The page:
Marketers need to rethink the way they use video

Unruly managing director AUNZ Ricky Chanana
By Unruly managing director AUNZ Ricky Chanana | 6 May 2019
Ricky Chanana

Unruly’s Ricky Chanana explains the findings and significance of Unruly’s latest research ‘Video and Sustained Brand Impact’ - conducted in association with Peter Field and the IPA.

Unruly has been analysing emotional reactions to video for more than 12 years. We know that emotions are a powerful targeting tool for marketers, and we’re always looking for ways to help tell that story. That’s why we recently partnered with Peter Field, legendary marketing effectiveness guru from the UK.

Central to Peter and his partner - Les Binet’s - research is the distinction between the brand building marketing and activation marketing, and the impact this has on business’ bottom lines.

Years of research has found that brand building has a long-term impact and drives brand growth, while activation effects are short term and generate sales spikes, but do not contribute towards long term growth.

Brands need to strike the right balance between both of these to be successful. This led them to come up with ‘the 60/40 rule’ - the balance of brand building and activation activities that the data shows to be the most effective combination at driving long term growth for brands.

We’ve worked with Peter Field before and Unruly’s interest in the role of emotions in video is a natural fit with Peter’s expertise. In this study, we wanted to understand the relationship between different emotions and psychological responses and specific consumer outcomes.

In their 2013 study called ‘The Long and the Short of It’, Binet and Field state that emotional campaigns are more effective at driving long term business effects like profit. In fact, over a three year period, the same study claims that 43% of brands who only employed emotional campaigns reported very large business effects compared to just 23% of brands who concentrated on purely rational or combined campaigns. We were keen to dig a little deeper….

For the purpose of this research, we’ve followed the IPA’s effectiveness framework. Effectiveness metrics are grouped into:

● Short term effects - sales activations, which drive short term sales spikes
● Long-term business effects such as market share, reduction in price sensitivity and profitability
● Long term brand effects such as esteem, differentiation and fame

There are other long term business and brand effects but this study focused on these areas.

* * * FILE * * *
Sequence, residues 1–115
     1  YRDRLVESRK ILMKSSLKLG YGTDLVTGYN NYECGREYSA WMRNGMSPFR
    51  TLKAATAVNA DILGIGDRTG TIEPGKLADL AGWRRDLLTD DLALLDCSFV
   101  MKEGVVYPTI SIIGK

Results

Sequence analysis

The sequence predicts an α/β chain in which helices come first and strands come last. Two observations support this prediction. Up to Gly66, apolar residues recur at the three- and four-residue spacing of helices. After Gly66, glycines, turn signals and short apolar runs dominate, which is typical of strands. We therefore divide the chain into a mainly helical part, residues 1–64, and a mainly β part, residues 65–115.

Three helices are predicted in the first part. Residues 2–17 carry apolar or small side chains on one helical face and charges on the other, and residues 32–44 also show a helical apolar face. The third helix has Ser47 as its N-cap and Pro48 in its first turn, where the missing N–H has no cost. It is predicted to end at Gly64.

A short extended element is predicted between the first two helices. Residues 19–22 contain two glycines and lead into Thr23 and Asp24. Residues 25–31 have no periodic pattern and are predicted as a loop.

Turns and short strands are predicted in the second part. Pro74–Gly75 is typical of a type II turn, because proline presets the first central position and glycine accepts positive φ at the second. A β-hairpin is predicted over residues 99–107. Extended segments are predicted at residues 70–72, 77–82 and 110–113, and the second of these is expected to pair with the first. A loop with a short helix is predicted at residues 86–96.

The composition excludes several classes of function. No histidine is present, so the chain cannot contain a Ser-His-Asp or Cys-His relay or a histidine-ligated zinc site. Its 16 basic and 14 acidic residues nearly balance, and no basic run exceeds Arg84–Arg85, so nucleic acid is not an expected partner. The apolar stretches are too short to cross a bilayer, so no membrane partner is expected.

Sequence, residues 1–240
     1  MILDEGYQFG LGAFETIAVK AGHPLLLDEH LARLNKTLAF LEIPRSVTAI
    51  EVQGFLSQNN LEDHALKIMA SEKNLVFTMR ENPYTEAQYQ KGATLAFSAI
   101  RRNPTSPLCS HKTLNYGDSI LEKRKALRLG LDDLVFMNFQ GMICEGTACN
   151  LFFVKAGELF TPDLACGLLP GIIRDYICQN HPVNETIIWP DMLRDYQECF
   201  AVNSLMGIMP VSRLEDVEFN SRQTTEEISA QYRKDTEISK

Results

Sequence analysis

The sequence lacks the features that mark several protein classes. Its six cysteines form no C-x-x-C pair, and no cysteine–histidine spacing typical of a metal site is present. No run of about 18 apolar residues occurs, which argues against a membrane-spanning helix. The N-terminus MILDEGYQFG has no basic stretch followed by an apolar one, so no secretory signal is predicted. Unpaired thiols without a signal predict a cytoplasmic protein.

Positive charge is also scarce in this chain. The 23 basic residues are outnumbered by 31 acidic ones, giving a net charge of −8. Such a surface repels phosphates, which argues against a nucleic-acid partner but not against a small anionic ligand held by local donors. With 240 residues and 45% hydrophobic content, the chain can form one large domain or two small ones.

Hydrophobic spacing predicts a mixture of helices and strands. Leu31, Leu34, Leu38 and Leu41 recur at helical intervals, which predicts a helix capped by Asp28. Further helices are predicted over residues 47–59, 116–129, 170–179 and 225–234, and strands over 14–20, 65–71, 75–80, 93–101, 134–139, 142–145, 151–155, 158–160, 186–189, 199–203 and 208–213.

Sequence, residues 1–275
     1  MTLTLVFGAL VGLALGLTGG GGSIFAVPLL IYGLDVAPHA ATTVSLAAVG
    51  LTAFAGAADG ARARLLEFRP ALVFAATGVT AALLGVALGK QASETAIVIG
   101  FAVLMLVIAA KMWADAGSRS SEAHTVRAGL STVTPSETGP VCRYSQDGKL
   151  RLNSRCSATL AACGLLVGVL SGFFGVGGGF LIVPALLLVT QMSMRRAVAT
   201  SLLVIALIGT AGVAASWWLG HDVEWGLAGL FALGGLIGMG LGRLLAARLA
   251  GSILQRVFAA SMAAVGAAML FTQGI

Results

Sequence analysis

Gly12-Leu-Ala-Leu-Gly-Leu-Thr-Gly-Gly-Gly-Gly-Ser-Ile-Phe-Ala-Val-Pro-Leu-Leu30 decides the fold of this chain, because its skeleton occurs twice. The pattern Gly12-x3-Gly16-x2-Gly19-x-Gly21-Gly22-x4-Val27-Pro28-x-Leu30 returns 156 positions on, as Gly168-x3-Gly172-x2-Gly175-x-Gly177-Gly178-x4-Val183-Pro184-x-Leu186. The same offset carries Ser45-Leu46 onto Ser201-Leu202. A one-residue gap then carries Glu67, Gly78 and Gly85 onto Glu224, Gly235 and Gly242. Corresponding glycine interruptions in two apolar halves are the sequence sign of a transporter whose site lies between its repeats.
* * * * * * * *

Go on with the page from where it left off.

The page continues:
One of the most interesting things we identified was that three of the top five relationships for short term effects were negative psychological or brand responses, with contempt at the top.

At first glance, this may seem like a strange result. However, it can be explained by the presence of hilarity coming in at second place. Contempt is often linked to hilarity because funny ads tend to polarise audiences. What’s funny to one person can be irritating or offensive to someone else. Contempt may also be driven by ‘hard sell’ ads that can be repetitive, insistent and uncreative. Although these ads annoy viewers, they can still help sales in the short term… but at what cost to the brand in the long term?

Conversely, the study showed that positive triggers were linked to long term effects; fame, differentiation, profit and reduction in price sensitivity.

Of all the positive emotions we measure - amazement and exhilaration had the strongest links to long term effectiveness across the board.

This study reinforces Binet and Field’s findings from ‘The Long and the Short of It’ - namely that emotive video campaigns are linked to long term outcomes for brands. But marketers need to rethink how they use video in their campaign strategies because it’s clear that the drivers of long and short-term outcomes for brands appear to be very different.

Video content can play a role in short-term sales or long-term growth but this research suggests it can’t be used for both at the same time effectively. If the brand is focussing on long-term effects, then the emotional triggers most closely correlated with positive long term outcomes are amazement and exhilaration.

If they’re focussing on the short term, humour is very powerful but its relationship with contempt means it isn’t always easy to pull off. In this instance, marketers need to be mindful of negative triggers. Yes, these are linked to short-term sales spikes, but they could have a detrimental impact on the brand in the long run. It’s a fascinating area that requires more research.

The emotional response to an ad acts as a differentiator for brands, and is linked to long-term brand and business effects. As we understand more about how people respond to video, the entire rulebook for marketers is changing. We’re not there yet, but this research takes us another step closer to the holy grail of full attribution in digital.

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